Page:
rupture of a hepatic metastasis of GIST and treated
successfully by TAE.
Fatih Tekin 1
Omer Ozutemiz 1
Mustafa Parýldar 2
Ege University Medical School
Departments of Gastroenterology 1
and Radiology 2
1. Efremidou EI, Liratzopoulos N, Papageorgiou MS, Romanidis
K. Perforated GIST of the small intestine as a rare cause of
acute abdomen: surgical treatment and adjuvant therapy. J
Gastrointestin Liver Dis 2006; 15: 297-299.
2. Suzuki K, Kaneko G, Kubota K, et al. Malignant tumor of the
gastrointestinal stromal tumor type in the greater omentum. J
Gastroenterol 2003; 38: 985-988.
3. Cegarra-Navarro MF, de la Calle MA, Girela-Baena E, Garcia-
Santos JM, Lloret-Estan F, de Andres EP. Ruptured
gastrointestinal stromal tumors: radiologic findings in six cases.
Abdom Imaging 2005; 30: 535-542.
Oesophago-bronchial fistula secondary
to cancer of the oesophagus
To the Editor,
A 64-year-old gentleman who was recently diagnosed
with cancer of the oesophagus managed with chemotherapy
presented as an emergency with increasing episodes of
coughing and choking particularly on swallowing. He denied
any chest pain, dysphagia or dyspnoea. On clinical
examination, he was haemodynamically stable and afebrile.
Past medical history included left sided Pneumonectomy
for carcinoma of lung about 10 years ago. A prompt upper
gastrointestinal endoscopy revealed no luminal obstruction,
however, a “hole” in the lower end of the oesophagus was
demonstrated (Fig.1). Following this a barium swallow was
performed which showed a fistulous communication
between the oesophagus and the bronchial tree.
Fig.1 Endoscopy shows a hole in the oesophagus.
Letters to the Editor
He was referred to a cardio-thoracic unit where he had
an Oesophageal stent put in. He responded well to the
Development of oesophago- bronchial fistula in patients
with cancer of oesophagus is uncommon (1). Association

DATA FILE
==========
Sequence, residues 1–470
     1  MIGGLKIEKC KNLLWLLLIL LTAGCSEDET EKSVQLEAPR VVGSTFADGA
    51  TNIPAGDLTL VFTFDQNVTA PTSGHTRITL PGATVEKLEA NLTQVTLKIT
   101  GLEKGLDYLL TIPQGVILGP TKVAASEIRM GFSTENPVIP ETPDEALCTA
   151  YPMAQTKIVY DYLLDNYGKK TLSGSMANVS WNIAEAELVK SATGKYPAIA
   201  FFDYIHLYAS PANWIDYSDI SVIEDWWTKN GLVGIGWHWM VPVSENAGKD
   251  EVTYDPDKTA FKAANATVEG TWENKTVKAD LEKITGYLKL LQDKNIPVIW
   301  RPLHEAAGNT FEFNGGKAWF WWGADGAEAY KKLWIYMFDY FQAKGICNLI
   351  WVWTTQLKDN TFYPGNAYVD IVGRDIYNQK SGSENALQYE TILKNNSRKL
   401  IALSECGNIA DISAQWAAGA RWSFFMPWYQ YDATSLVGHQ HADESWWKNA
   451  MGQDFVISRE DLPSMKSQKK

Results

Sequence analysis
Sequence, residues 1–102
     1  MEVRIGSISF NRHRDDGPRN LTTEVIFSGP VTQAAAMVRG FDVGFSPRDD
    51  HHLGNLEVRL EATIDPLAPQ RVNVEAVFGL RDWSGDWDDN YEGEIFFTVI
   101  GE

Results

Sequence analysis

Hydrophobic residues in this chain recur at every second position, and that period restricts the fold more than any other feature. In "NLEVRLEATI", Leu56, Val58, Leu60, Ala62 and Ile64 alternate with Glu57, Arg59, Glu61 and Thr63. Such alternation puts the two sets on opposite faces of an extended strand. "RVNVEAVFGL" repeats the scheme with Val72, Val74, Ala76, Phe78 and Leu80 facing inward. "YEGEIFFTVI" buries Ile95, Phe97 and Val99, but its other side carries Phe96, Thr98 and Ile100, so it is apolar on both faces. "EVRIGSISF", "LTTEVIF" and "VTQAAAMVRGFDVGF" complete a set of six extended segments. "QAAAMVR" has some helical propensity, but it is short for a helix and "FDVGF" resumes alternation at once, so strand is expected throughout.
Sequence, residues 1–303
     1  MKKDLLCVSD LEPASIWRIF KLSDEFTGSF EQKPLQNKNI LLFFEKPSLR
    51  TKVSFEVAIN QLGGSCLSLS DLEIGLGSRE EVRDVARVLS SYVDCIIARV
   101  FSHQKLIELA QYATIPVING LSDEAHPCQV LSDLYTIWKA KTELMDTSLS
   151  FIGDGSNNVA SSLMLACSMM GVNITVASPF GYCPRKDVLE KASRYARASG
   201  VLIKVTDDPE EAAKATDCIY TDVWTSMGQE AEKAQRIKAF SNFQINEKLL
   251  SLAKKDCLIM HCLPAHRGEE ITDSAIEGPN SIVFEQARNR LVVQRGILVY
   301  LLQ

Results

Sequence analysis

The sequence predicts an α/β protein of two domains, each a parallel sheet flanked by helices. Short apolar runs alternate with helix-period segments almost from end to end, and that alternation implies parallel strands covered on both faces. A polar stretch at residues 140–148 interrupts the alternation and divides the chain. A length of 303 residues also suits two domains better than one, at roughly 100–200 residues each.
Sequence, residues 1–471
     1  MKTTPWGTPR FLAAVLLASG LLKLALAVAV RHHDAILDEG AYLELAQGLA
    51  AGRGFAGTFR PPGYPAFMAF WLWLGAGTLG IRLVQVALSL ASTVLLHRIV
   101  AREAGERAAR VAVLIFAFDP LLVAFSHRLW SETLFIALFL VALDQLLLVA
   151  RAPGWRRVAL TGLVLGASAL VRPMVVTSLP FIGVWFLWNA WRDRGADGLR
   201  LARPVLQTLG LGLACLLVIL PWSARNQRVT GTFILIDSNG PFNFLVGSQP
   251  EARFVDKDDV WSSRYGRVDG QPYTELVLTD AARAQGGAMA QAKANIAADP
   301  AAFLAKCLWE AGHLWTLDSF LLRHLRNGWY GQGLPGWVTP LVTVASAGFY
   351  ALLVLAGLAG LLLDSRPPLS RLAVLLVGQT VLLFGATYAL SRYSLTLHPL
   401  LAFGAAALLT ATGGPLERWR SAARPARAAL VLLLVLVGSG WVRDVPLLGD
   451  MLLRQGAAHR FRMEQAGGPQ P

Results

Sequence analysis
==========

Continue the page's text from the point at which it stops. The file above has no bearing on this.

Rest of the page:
of this complication with cancer of oesophagus evolves
with increased mortality and morbidity (2). Patients who
had recent radiotherapy and instrumentation are at higher
risk to develop this complication (3). Patients may present
with cough worse on swallowing (Ono’s sign), fever,
dysphagia and aspiration pneumonia. Management involves
keeping the patient nil by mouth and initiation of broadspectrum
antibiotics. An oesophageal stent may be inserted
which may occlude the opening of the fistula and thereby
prevent aspiration into the lungs. Operative techniques,
including oesophageal exclusion or by-pass may offer
palliation, however they are associated with high mortality.
This case highlights that a patient with cancer of the
oesophagus who presents with choking must be appropriately
investigated and the possibility of oesophagobronchial
fistula must be borne in mind.
Muhammed H Thoufeeq MRCP
Sanjiv K Jain
Dept. Medicine and Gastroenterology
Pilgrim Hospital, Boston, UK
Ismail H Mallick
Scunthorpe General Hospital, UK
1. Davydov M, Stilidi I, Bokhyan V, et al. Surgical treatment of
esophageal carcinoma complicated by fistulas. Eur J
Cardiothorac Surg 2001; 20: 405-408.
2. Reed MF, Mathieson DJ. Tracheoesophageal fistula. Chest Surg
Clin N Am 2003; 13:271-289.
3. Burt M, Diehl W, Martini N, et al. Malignant esophagorespiratory
fistula: management options and survival. Ann
Thorac Surg 1991; 52:1222–1229.